Remembering Robert Bork, Failed Supreme Court Nominee, in the Pages of TIME

How the failed Supreme Court nominee was viewed in the pages of TIME

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Robert Bork was perhaps most famous for the job he never had. The Yale Law professor and former appellate court judge was a conservative darling who faced one of the most contentious, high-profile battles for confirmation to the nation’s highest court. The scruffy, wire-haired, deeply intellectual Bork gained first made his name in Washington when, as Nixon’s Solicitor General in 1973, he unapologetically fired the special prosecutor looking into the Watergate break-ins, Archibald Cox, in the so-called Saturday Night Massacre. He later served as Attorney General and D.C. Circuit Court judge.

While Ronald Reagan‘s previous two appointments to the bench — Sandra Day O’Connor in 1981 and Antonin Scalia in 1986 — had sailed through, a newly elected Democratic majority in the Senate took up arms against Bork’s conservative stances on everything from abortion to civil rights to the death penalty. The bitter, 12-day fight coined a verb, “to bork” — describing Senate Democrats’ hounding of the candidate into withdrawing — and set the tone for decades of pitched confirmation battles to come.

(OBITUARY: Robert Bork, Whose Failed Nomination Made History, Dies)

While little was written about him both before and after the 1987 hearing, the borking of Bork was covered extensively in the pages of TIME. Here’s a look at what the magazine said at the time:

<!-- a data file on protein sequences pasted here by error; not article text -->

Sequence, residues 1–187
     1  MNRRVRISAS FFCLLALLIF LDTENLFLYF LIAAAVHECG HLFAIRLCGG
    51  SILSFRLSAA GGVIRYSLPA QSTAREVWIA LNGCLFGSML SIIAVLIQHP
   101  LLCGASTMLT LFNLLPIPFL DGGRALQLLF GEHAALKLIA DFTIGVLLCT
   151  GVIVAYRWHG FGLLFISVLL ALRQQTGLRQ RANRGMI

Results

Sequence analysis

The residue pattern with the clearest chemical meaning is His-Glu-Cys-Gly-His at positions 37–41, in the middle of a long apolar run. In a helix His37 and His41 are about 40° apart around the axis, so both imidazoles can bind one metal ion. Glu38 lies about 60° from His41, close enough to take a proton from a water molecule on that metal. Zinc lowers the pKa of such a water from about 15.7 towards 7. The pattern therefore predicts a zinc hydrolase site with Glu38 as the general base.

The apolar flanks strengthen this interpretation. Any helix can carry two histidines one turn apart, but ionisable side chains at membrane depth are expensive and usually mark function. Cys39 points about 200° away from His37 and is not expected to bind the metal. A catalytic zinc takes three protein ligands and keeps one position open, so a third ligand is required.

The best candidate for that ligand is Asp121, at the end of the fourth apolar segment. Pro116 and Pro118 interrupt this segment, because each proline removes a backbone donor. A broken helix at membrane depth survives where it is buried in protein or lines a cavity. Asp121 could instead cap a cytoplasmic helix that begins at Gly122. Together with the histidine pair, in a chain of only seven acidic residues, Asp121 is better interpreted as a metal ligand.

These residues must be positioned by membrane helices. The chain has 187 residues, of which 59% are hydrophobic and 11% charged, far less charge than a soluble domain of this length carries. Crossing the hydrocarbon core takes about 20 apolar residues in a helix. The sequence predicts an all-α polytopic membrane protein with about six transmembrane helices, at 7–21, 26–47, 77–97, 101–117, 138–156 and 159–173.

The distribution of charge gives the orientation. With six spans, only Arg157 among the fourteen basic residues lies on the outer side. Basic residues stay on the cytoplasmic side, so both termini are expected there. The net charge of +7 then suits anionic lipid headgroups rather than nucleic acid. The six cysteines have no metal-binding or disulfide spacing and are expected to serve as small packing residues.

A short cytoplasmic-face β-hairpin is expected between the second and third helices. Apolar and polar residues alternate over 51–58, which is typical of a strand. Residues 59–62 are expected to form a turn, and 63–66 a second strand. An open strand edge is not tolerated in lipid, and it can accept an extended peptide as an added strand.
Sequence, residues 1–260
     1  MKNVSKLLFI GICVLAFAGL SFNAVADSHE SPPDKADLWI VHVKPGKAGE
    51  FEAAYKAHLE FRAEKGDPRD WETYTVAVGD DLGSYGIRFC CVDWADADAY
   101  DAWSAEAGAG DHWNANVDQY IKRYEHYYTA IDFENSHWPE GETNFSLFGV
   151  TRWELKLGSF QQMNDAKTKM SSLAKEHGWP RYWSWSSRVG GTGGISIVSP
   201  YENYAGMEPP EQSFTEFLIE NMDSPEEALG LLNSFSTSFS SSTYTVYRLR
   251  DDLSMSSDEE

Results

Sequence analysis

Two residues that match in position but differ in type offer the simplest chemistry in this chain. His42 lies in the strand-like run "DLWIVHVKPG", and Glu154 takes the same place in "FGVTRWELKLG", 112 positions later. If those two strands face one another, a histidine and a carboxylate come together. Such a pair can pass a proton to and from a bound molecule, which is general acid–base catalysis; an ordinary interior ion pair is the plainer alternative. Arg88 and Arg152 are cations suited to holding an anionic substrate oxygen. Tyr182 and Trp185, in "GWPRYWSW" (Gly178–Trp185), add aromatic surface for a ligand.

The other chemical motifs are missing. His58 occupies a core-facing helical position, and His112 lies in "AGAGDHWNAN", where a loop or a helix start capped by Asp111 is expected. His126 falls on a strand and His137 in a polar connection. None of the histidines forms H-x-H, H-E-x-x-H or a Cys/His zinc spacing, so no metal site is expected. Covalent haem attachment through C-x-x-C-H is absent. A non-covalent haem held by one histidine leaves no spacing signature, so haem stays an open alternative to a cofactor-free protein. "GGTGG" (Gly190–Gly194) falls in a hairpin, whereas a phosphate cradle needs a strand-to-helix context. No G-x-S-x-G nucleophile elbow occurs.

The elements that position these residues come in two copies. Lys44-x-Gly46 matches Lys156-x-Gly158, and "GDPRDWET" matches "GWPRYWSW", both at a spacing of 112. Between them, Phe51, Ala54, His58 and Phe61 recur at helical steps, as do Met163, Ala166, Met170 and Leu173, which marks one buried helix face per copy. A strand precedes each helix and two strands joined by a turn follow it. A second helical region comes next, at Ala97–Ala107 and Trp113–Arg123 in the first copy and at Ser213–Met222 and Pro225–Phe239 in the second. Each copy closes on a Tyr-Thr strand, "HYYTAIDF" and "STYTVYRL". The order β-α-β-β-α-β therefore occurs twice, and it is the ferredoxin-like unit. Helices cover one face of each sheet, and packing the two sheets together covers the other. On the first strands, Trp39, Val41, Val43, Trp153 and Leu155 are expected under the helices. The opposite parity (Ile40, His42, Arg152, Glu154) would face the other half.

On Bork’s excitement to escape New Haven:

Robert Bork grew more and more impatient to get to Washington. He had taught at Yale Law School for more than a decade, and Washington, he told friends, was “going to be pure pleasure.” It would offer “a lot of intellectual fascination.”

— Bork: A Professor Caught in the Storm (Nov. 5, 1973)

On his appearance:

With a resonant baritone voice that rumbles out of a burly figure topped off by a scraggly helmet of gray hair and an untidy beard, Bork commands attention by sound and sight. After 34 years as lawyer, professor, author and judge, this bear of a man has a professional reputation that tends to portray him as straitlaced, rigid, predictable.

— Catching The Last (July 13, 1987)

On how Senate Democrats and Republicans viewed him:

Judge Robert Bork, the fire-breathing right-wing ideologue who would wreak havoc on U.S. law, did not show up at the Senate Caucus Room last week. Neither did Robert Bork, the quick-witted charmer, “the bearded Ollie North,” who would obliterate his opposition.

— A Bork Without the Bite (Sept. 28, 1987)

(COVER: Robert Bork, Advise and Dissent)

On his mementos:

As a gift when Robert Bork was named Solicitor General, his Yale law students gave him a construction worker’s hard hat with his new title on it. That was in 1973, when a hard hat still symbolized the bareknuckle school of conservatism. Bork’s own methods of persuasion are a good deal less belligerent, but the joke was to the point. He had built his reputation as a legal hard-liner, both for his narrow reading of the Constitution and for the conservative results of such analysis. When he moved later into the offices of a federal judge, he brought the hard hat with him.